St. Luke

Mid-12th century
Church of Santa Maria dell'Ammiraglio ("The Martorana"), Palermo, Sicily

Luke's gospel begins,

"Forasmuch as many have taken in hand to set forth in order a narration of the things that have been accomplished among us; According as they have delivered them unto us, who from the beginning were eyewitnesses and ministers of the word it seemed good to me also…to write to thee in order, most excellent Theophilus, that thou mayest know the verity of those words in which thou hast been instructed."

The witness of those ministers, albeit oral, is nevertheless represented by the book or sheaf of papers on Luke's lap, its "verity" affirmed by the small cross on the outer leaf. The exegetes contrast it with the "rash" accounts (Eusebius) circulating at the time, with their "manifold heresies" (Bede) "which the good moneychanger refuses to pass" (Ambrose).1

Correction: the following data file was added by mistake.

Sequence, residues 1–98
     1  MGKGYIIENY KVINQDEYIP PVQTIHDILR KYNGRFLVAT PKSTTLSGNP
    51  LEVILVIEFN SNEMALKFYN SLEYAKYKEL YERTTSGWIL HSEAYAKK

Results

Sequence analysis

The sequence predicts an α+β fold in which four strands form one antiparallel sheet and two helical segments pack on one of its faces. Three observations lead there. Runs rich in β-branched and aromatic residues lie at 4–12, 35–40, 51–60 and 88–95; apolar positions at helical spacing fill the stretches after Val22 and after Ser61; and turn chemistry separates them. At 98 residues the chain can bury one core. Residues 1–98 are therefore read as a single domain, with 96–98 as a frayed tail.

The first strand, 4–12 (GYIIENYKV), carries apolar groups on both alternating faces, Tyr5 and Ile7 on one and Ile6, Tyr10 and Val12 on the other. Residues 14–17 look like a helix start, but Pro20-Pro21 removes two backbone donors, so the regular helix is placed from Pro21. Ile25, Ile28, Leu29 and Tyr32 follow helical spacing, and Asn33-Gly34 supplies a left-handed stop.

With one hand touching the document on his lap, Luke writes his faithful account with the other. The Greek words to his left identify him as ο Άγιος ΛΟΥΚΑC, "St. Luke," and on the surrounding banderole are the opening words of his gospel, επειδηπερ πολλοι επεχειρησαν αναταξασθαι, "Forasmuch as many have taken in hand to set forth…."

The writing-stand is like those in the dome's other images of the evangelists and gives one an idea of how such furniture may have looked in medieval Sicily.

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Photographed at the site by Richard Stracke, shared under Attribution-NonCommercial-ShareAlike license.

1 Aquinas, Catena III, i, 5-6.